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Steampunk Shotgun

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That would almost have to be a double barrel boxlock (semiauto) break open shotgun.  However, the Winchester 1887 lever action repeating shotgun came out in ...1887; it wouldn't be too hard for a PC to get hold of a "prototype" a year early.  Either of these would be 10- or 12-gauge.

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Well British arms makers had perfected the breech-loading shotgun by 1860, so any breech loader would be quite reliable.  If you're looking for something more stylish, there is the concept of the "best gun," which was essentially _any_ British double-barreled shotgun of high build quality, from any high-end manufacturer.  As, by the end of the 1860s, any British double-barreled shotgun was as good reliability-wise as any other, high-end makers pushed the envelop of aesthetics with exotic woods, inlays, metal work, engraving, etc; these firearms were known collectively as "best guns."


I think one of the most beautiful examples of a best gun is the Robertson side-by-side:





Now that particular gun is from around the 1890s, as denoted by the single trigger.  However, I noted you said "steampunk," so I have to ask you if you are looking for off-the-shelf guns or "guns that could have been," in which case I have no problem with the idea that your made inventor reached forward thirty years or so and invented the selector switch, or even the selective ejector and ran with it.


As Indiana Joe mentions, there were revolving shotguns.  These were sales failures, as they were only practical with rifle rests or bipods.  I don't know how familiar you are with firearms, but let me just run this past you:


A revolver is necessarily not a sealed mechanism: the cylinder has to rotate, after all.  The result is that there is a considerable amount of super-heated gases from the powder explosion that are expelled between the cylinder and the barrel of the weapon.  Raise your hands into what Jake Johansen once called "the international shotgun gesture" and notice how they are placed.  For most people, your dominant hand will be forward on the stock, fingers around the mechanism.  Your other hand will be further forward, under the rear of the barrel, so as to steady and help aim.  It's also _just_ forward of where that revolving cylinder was located, meaning that the forearm, wrist, and the hand itself-- depending on your stature, physical strength, and shooting style-- were in the "blast zone" for that gaseous discharge.  Not at _all_ a pleasant experience.  Though again, Steampunk.  If it's something one of your characters invented, then perhaps they have found a way to deal with that problem.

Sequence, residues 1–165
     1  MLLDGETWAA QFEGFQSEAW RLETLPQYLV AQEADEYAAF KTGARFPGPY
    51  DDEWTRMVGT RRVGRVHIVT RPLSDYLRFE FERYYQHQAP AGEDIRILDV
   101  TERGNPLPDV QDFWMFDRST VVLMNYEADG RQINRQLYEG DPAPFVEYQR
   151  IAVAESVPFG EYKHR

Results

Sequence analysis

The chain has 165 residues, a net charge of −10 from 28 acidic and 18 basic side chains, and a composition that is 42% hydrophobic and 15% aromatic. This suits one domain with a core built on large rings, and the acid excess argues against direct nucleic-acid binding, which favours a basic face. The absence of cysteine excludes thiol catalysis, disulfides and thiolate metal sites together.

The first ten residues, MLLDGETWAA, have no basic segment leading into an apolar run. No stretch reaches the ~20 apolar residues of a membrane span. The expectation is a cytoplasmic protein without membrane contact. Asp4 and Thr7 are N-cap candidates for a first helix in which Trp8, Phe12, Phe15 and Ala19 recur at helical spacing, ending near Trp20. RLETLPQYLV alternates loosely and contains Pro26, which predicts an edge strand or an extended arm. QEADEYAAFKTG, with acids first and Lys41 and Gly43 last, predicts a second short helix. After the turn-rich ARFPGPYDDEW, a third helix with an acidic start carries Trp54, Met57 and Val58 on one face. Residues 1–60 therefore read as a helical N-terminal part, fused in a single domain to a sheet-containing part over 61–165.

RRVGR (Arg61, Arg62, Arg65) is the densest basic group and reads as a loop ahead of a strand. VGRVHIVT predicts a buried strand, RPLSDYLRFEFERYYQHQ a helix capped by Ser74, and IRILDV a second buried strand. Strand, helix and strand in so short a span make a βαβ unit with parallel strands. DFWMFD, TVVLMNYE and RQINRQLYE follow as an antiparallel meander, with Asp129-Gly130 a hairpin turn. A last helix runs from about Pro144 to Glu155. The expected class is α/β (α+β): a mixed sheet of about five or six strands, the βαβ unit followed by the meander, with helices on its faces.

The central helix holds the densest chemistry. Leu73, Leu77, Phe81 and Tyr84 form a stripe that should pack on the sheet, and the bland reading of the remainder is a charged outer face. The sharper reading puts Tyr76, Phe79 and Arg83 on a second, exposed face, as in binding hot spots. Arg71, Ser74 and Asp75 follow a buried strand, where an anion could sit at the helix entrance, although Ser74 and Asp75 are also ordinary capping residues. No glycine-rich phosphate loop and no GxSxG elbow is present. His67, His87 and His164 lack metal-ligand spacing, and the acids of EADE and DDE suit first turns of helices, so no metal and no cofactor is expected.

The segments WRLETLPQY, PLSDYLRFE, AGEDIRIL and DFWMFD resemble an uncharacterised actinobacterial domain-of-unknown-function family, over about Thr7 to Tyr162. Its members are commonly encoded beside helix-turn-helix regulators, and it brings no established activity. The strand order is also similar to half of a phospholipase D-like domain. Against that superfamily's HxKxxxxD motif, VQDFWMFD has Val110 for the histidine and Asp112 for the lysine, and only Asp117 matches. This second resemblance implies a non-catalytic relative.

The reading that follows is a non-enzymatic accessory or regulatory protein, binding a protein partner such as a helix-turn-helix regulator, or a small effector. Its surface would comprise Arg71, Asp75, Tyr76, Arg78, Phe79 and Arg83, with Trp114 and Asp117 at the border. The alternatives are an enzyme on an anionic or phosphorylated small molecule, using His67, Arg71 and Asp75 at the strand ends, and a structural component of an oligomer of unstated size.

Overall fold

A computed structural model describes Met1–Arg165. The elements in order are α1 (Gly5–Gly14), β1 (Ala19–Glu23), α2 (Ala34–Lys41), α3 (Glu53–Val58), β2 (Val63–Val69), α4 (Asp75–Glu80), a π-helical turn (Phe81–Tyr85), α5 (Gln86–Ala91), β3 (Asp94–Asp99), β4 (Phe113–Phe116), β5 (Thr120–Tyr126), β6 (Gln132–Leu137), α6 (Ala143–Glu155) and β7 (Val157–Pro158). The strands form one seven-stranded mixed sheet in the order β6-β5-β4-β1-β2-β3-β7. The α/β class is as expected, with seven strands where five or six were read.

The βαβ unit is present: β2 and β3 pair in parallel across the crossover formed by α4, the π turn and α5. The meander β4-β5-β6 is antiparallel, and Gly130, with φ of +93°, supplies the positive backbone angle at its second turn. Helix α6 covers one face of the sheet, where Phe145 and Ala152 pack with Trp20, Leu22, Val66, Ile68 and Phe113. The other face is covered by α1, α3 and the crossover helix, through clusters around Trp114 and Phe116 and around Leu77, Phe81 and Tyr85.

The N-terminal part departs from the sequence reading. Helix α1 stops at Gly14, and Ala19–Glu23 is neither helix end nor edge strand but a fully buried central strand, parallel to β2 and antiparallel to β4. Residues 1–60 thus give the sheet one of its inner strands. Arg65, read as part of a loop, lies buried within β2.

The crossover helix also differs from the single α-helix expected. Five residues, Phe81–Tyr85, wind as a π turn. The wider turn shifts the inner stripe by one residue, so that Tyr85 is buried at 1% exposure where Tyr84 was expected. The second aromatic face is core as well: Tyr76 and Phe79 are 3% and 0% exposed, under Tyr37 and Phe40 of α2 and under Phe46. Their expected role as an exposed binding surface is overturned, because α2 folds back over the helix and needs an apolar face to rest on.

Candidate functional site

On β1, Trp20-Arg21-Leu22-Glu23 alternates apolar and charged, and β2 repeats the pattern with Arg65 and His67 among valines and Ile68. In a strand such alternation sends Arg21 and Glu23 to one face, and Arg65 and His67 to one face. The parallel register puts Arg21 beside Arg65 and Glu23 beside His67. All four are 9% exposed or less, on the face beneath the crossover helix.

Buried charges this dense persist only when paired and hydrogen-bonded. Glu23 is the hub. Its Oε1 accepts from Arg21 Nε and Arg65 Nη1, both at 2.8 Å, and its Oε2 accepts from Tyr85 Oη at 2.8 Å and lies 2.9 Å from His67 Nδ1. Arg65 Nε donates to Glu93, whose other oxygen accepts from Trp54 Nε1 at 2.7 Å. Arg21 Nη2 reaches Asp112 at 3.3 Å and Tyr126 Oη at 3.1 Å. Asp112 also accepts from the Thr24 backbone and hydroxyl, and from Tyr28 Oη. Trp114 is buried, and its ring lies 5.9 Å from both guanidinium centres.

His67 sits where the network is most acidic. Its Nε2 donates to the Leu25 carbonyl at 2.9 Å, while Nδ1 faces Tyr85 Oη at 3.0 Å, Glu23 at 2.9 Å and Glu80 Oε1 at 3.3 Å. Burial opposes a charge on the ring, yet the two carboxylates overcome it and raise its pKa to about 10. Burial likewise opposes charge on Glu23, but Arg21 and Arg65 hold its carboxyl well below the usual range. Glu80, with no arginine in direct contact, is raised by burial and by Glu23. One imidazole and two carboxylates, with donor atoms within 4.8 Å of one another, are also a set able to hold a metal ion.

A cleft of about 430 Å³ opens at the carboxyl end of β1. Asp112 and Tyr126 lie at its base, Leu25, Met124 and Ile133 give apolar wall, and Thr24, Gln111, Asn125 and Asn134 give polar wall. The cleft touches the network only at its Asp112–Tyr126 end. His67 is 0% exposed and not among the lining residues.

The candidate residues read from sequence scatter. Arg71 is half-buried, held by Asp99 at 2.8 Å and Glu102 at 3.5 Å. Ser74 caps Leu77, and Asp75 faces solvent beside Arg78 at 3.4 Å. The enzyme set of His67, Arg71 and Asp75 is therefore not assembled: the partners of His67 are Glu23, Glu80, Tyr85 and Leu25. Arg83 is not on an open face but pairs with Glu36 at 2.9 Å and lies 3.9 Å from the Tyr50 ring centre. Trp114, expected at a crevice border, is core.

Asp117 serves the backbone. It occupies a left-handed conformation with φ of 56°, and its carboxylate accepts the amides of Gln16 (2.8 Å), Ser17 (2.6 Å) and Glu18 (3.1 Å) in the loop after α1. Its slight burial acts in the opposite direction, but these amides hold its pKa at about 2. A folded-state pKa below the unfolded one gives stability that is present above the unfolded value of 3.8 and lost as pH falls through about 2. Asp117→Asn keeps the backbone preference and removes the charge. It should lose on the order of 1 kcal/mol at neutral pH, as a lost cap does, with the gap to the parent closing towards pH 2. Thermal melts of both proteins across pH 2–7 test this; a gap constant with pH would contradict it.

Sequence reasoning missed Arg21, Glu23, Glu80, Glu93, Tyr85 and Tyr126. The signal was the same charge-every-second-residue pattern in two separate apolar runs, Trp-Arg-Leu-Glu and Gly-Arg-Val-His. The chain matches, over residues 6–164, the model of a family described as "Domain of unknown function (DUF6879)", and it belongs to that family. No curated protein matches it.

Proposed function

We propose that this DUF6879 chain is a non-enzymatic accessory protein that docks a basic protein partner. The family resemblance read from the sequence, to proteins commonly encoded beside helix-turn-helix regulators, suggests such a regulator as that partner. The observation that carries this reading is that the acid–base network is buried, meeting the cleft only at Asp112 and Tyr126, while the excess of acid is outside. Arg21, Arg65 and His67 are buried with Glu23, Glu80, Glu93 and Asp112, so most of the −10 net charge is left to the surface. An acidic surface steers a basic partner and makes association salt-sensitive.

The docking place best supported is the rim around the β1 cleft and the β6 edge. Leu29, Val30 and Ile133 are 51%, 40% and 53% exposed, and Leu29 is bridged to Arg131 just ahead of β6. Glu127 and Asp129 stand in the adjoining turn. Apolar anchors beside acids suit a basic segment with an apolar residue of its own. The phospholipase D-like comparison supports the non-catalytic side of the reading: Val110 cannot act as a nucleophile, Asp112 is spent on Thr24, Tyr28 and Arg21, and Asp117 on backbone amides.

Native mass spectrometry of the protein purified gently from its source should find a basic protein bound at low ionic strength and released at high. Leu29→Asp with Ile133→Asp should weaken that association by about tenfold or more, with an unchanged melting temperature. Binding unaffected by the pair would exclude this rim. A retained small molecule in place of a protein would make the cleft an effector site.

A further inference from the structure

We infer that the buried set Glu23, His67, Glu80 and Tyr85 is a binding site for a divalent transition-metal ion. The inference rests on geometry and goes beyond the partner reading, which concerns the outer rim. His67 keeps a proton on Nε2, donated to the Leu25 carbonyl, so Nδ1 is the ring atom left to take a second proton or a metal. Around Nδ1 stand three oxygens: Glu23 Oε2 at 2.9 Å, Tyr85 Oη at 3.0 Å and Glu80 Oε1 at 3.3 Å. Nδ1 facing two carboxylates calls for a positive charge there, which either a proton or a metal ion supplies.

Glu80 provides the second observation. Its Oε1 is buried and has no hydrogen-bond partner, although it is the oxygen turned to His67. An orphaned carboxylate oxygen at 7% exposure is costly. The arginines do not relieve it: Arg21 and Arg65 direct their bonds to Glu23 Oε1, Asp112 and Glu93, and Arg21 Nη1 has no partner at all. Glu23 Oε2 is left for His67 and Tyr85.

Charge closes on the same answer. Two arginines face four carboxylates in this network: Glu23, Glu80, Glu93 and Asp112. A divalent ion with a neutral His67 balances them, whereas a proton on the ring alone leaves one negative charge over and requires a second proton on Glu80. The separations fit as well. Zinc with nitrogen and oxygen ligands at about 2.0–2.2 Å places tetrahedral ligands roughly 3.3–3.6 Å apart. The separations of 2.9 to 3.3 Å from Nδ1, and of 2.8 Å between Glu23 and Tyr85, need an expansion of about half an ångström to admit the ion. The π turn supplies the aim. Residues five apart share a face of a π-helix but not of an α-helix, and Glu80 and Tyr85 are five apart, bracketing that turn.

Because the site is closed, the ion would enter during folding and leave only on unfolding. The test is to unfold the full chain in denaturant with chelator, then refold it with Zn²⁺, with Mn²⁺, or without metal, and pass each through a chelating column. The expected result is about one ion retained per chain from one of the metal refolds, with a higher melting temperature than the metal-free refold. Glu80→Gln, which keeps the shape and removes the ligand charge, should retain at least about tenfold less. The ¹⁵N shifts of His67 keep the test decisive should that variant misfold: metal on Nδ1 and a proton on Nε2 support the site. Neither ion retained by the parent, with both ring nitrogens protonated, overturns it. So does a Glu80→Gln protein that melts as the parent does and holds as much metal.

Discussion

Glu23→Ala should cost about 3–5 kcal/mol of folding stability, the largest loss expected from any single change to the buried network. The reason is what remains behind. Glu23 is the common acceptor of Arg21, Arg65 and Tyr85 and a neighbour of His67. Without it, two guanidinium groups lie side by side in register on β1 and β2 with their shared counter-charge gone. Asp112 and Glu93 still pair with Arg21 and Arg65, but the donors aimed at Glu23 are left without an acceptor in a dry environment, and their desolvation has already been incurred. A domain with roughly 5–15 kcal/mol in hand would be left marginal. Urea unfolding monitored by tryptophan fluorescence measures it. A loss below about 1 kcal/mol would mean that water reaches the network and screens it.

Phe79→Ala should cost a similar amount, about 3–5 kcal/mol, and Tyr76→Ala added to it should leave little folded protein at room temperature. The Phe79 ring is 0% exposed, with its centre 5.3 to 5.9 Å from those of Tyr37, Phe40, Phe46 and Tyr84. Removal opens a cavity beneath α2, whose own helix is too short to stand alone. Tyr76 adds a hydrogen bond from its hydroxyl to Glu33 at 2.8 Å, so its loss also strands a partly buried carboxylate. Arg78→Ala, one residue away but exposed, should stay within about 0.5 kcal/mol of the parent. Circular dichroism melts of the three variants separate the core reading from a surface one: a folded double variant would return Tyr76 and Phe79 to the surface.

Realistically, save in terms of materials used and the capacity of the weapon, shotguns have changed very, very little from their inception, with the LCKD belt-fed shotgun being perhaps the most notable exception (don't look for one outside South Africa, and I don't think you're going to find them there anymore, either.  They weren't as trouble-free as they were meant to be, and-- well, let's face it:  there's really only one use for a short-range high-dispersal weapon with a belt feed.  The term "fish in a barrel" comes to mind, and the idea that there was a government with these things was...  unsettling....  Let's just call it "crowd control" and let it go.



Now if you mean "how would it be built with HERO mechanics...   Then you're bumping up against one of my personal depression triggers: the fact that HERO-- born of a super-hero system-- has almost no granularity at the "realistic" end of the spectrum (as it was from it's inception meant to model the completely fantastic), and in truth, it is impossible to model the nuances of the difference between one gun and another of the same type using the system.  All guns end up with a depressing amount of sameness using HERO.  If you doubt that, then pick up a copy of Kevin Dockery's "The Armory" (available as a PDF scan of the second printing of the paper book in the HERO store on this site.  I believe it's listed under the 1e banner, though it was released during and more closely follows the 2e rules.   Hundreds of weapons; six possible builds.   :(


However, I suggest at the very _least_ "The Armory" (either printing is fine; only the cover art is different) for anyone wanting to run a "real world" game with HERO; I also suggest "Guns! Guns! Guns!" (commonly called 3G3) and "More Guns: Weapons for all Tech Levels for 3g3," both by Greg Porter and released during the 4e of HERO.  Unfortunately, I don't know that "More Guns" was ever available in PDF.   There is also "Edge of the Sword vol 1: Compendium of Modern Firearms," also by Dockery and also released during the HERO system 4e era.  I _know_ that it's no longer available on PDF, as Dockery states as much on his website (the digital files were lost), but it it still available directly from him or other sources (new and used) on the web.


Note that there has been no official HERO product that provides lists of weapons and data, unless you want to just strip that information out of all the published HERO stuff and compile it (which I am suddenly interested in doing....  :D  ) and that of the four books I recommended to you, none are "official" HERO products.  However, all give HERO stats for the weapons (as well as stats for other popular-at-the-time games), and are a no-brainer for fitting in to your campaign.



I hope something here helps.





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